1 red onion, diced
1 bunch cilantro, chopped
1-2 cups corn, fresh or frozen and thawed
1-2 cups black beans

1/4 cup cider vinegar
1/2 cup extra virgin olive oil
Juice of 1 lime (or lemon)
1 Tbsp. raw honey
1-2 tsp. chili powder
2 tsp. cumin
1 tsp. salt

Whisk together and pour over chopped vegetables and wheat. Mix all together.

Wheat berries:
Combine 4 cups wheat berry kernels, 10 cups water, and 2 tsp. sea salt in crock pot. Cook on low 8-10 hours. Drain off any excess water. Chill. Wheat berries can be frozen for up to a month, keeps a week or more in refrigerator.

This post is part of Real Food Wednesdays and Two For Tuesdays.

Tuesday, July 13, 2010

Giveaway winner!

You wouldn't think it would be that hard to get to the computer, enter some numbers in at and choose a winner for the Organic Manifesto Book Giveaway! But somehow, it's taken me a week to actually do it! Life has been busy around here, but I have finally chosen a winner...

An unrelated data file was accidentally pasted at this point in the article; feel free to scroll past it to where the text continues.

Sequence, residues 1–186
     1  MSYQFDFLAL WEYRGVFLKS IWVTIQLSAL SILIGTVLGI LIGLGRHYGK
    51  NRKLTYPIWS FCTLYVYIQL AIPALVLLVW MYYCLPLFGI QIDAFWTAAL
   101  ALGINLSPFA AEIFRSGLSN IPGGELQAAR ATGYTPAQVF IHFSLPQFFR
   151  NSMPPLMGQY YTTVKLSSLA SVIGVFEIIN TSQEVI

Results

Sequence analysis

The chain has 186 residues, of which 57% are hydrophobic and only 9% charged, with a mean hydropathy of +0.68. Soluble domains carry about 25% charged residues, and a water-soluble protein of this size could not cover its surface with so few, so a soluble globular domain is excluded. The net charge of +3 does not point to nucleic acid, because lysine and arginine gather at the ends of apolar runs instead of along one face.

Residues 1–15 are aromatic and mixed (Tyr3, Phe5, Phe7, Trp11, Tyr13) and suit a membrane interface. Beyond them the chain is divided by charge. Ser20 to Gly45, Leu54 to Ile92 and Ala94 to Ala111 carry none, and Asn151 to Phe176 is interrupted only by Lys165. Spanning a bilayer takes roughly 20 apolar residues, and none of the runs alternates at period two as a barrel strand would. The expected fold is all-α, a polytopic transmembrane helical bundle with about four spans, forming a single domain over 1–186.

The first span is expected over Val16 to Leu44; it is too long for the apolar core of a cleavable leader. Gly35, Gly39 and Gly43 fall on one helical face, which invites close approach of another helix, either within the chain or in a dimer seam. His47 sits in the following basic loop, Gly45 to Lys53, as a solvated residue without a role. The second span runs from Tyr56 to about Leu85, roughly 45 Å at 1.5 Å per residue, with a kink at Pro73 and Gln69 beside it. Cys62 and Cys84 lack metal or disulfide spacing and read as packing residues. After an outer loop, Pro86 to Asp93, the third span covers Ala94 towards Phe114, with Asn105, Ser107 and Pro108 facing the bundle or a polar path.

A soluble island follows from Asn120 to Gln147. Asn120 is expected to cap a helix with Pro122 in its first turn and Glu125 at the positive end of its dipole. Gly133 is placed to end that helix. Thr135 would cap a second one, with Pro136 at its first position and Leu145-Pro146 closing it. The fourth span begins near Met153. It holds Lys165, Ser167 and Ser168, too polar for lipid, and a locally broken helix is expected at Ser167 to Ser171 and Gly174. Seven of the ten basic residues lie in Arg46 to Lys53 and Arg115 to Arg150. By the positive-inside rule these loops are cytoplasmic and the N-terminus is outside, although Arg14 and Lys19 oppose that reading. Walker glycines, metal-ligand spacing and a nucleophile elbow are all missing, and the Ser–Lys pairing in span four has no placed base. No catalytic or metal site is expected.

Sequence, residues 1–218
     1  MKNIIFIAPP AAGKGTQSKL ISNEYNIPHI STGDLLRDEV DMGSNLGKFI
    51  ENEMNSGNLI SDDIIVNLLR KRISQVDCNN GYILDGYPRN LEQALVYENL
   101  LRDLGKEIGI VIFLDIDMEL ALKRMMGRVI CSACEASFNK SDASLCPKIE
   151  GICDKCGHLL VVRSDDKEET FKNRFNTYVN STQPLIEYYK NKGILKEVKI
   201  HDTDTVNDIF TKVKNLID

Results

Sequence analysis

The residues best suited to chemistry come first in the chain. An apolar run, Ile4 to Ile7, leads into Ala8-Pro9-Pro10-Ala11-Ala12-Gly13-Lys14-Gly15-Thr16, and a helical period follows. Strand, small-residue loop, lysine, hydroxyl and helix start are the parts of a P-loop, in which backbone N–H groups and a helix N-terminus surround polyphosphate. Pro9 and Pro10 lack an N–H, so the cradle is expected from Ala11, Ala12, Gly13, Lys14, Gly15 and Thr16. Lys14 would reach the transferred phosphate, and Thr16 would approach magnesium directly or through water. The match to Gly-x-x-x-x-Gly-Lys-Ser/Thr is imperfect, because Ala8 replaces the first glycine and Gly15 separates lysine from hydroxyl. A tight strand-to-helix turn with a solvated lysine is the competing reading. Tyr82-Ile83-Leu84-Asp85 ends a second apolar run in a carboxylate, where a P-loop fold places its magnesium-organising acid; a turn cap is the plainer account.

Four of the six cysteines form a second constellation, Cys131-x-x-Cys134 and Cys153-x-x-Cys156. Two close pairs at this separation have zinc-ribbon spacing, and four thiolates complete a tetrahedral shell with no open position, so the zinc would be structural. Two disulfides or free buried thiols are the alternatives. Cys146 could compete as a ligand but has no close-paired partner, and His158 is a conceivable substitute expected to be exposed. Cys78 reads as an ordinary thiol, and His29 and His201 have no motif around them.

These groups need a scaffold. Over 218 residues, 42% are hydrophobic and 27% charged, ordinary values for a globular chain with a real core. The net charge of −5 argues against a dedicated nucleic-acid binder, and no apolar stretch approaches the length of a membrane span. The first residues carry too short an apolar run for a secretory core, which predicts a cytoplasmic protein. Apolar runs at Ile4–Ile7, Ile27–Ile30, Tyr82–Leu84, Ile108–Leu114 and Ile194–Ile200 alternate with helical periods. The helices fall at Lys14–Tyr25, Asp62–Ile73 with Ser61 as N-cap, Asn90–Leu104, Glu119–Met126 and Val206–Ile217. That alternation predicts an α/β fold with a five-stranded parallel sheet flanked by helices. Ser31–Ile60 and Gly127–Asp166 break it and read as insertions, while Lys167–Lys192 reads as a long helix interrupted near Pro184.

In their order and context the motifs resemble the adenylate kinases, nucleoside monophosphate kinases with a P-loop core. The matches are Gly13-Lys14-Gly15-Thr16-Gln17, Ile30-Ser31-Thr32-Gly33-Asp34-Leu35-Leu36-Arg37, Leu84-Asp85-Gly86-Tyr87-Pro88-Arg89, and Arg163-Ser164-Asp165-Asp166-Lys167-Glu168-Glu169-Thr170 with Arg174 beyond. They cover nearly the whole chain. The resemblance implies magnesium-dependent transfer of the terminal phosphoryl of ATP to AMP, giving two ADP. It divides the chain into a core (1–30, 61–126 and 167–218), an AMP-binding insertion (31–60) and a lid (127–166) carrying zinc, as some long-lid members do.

Entry #11: Alex from A Moderate Life

Alex, I'll need your contact information to send you this great book. I hope you enjoy it!

More posts coming up soon...

Thursday, July 1, 2010

60 days with no sugar: what I learned

Going sugar free for the past couple of months was really eye-opening for me. My main motivation was to speed up my weight loss-- and I think it did-- but I learned some other things in the process.

Baked goods can be enjoyed without sugar. For the first month, I stopped making muffins for my family for breakfast. (I probably make muffins about once a week or so.) I didn't think they would taste good with no sugar, and I didn't think any substitutes would work quite as well. When I finally did try my banana nut muffins with honey, all wheat flour and coconut oil, they were great! I used honey in El Torito's sweet corn cake recipe, and no one even noticed the difference.